There’s a quote from famed Venture Capitalist, Marc Andreessen that I can’t stop thinking about in the context of podcasting.
“The only thing that matters is getting to Product-Market Fit.”
The advice is directed at early-stage founders building companies on the Internet.
But from a certain perspective, that’s what all of us are doing. The only difference is that our “products” are podcasts rather than software.
Regardless of the medium we’re building in, however, when attempting to build an audience, customer base, or both, your single most important job early on is finding your way to Product-Market Fit (or in our case Podcast-Market Fit) and to get there as quickly as possible.
Podcast-Market Fit is one of those know-it-when-you-feel-it phenomenons that is hard to put a precise definition to.
It might be best described, however, as the palpable demand or pull of an audience for what you’re creating.
Where every one of your ideal listeners immediately reaches for their phone to subscribe when you tell them about your show.
Achieving Podcast-Market Fit is probably the biggest turning point in a show’s lifespan.
It’s when word-of-mouth growth begins to take off, where everyone in your niche seems to know about (if not be a listener of) your show, where there is a palpable buzz about your show and your work.
Perhaps most of all, it’s when marketing becomes a whole lot easier.
You’ll still need to market your show, of course.
But you’re now marketing something you have verifiable proof your audience is legitimately hungry for.
Despite the turning point Podcast-Market Fit represents, however, almost no one (at least in podcasting) approaches finding it with any strategy or rigor.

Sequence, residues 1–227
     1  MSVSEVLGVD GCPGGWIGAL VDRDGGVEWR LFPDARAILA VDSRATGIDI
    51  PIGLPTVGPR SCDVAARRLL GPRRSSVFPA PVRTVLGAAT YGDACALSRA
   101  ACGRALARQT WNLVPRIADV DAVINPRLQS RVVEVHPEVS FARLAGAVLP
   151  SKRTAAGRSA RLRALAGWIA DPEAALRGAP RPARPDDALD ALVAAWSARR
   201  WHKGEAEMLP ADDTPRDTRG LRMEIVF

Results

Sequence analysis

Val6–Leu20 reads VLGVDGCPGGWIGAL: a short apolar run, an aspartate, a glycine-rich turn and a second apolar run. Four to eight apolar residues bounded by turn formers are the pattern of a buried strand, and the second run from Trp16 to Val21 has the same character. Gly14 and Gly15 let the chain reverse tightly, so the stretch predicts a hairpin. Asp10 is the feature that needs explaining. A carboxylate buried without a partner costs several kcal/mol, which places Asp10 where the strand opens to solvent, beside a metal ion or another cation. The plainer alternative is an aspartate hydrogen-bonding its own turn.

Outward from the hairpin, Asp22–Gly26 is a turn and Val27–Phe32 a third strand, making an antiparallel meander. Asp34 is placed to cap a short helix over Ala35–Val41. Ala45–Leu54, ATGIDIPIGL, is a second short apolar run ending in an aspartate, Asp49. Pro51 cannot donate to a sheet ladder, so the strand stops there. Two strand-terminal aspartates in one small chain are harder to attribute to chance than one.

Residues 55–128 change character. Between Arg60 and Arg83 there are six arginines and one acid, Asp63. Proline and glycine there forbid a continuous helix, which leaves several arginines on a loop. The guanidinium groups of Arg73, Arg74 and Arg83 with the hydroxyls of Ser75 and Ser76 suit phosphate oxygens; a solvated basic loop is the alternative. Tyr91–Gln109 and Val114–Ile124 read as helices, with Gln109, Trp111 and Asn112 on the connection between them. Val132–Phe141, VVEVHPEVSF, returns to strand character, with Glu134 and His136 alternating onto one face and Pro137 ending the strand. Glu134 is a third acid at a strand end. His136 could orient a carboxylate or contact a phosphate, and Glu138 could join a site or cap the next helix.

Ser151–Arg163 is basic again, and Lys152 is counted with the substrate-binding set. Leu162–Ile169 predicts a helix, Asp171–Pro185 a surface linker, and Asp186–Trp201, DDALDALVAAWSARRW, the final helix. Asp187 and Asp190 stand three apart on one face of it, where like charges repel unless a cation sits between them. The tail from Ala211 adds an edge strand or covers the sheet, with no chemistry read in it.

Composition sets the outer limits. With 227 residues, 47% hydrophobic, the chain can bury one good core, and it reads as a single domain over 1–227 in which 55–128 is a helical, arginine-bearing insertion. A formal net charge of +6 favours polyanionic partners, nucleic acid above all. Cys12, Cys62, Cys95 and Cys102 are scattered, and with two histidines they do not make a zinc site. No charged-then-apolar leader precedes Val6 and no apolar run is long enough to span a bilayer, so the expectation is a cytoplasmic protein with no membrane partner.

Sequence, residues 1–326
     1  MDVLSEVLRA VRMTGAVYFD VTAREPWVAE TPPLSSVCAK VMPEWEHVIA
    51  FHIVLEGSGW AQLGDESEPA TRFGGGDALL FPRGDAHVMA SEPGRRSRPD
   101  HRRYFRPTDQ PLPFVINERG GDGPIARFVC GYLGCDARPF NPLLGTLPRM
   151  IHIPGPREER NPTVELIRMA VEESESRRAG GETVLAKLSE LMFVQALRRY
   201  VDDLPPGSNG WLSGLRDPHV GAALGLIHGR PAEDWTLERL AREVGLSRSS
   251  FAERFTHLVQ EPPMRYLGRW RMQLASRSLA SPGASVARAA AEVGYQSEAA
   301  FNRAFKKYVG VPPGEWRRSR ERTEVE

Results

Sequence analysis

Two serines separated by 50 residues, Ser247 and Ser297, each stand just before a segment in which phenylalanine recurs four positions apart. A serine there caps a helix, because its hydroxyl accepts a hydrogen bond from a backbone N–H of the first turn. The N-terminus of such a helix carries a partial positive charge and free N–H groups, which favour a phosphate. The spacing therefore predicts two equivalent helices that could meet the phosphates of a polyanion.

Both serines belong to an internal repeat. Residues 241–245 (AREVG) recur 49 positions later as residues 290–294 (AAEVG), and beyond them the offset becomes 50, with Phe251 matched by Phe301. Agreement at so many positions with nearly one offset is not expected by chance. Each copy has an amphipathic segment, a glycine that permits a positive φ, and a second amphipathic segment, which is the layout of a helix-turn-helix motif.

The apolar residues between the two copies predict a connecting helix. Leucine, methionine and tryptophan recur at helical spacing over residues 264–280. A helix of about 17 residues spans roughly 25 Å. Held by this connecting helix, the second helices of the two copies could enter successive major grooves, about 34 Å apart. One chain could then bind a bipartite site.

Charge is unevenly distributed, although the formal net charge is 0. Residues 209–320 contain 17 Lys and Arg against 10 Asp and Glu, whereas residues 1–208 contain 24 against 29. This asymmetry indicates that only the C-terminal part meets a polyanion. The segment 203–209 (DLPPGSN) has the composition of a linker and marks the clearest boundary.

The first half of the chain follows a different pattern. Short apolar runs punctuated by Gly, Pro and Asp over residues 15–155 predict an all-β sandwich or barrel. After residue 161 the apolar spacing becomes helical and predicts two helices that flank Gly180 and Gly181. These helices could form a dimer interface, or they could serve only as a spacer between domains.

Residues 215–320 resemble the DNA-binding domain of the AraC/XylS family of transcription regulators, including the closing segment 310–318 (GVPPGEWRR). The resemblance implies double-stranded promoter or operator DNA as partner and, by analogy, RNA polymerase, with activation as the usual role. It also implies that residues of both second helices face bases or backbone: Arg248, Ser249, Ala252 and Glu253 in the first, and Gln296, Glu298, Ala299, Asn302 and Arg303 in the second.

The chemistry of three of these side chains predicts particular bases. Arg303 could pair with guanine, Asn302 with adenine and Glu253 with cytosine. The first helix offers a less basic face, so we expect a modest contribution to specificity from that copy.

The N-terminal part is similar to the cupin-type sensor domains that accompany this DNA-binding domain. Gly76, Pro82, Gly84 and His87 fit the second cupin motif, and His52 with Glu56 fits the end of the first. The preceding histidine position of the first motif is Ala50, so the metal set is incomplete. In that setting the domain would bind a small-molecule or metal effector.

This is in sharp contrast to the tech world, where founders obsessively seek out Product-Market-Fit as though their companies’ futures depend on it.
Because they do.
And so does every podcast’s.
Sure, we as small creators have the luxury (yes luxury) of not having hundreds of thousands (or millions) of dollars in funding, meaning we have infinite runway to develop our ideas.
But while the financial costs of keeping a podcast running might be nominal, the energetic costs are not.
No matter how in love with our shows we might be, few of us are willing to continue pouring our time and energy into a show that lacks traction indefinitely.
Which means our runway is limited.
And every month that passes without finding Podcast-Market Fit, we burn through a little more of our limited energy reserves and move a little closer to the inevitable end of our shows.
This is why the only thing that matters early on is finding Fit.
If you’re serious about finding it, you’ll want to do more than shooting in the dark, producing and promoting episodes, and then hoping for the best.
Instead, you’ll want to approach it systematically.
By running the Smash or Pass Test, not just once, but dozens of times.
Tweaking your messaging, your content, and even your show concept as you go.
I know what you’re thinking: This is a lot of work.
And you’re right. It is.
It’s a tiny fraction of the work it takes to create and (attempt to) market a show that doesn’t have Fit for hundreds of episodes before ultimately shutting it down and moving on to something else.
It’s the work that sets everything up to be easier, more fun, and more energizing… not to mention more profitable.
Don’t put this work off.
Because early on, it’s the only work that matters.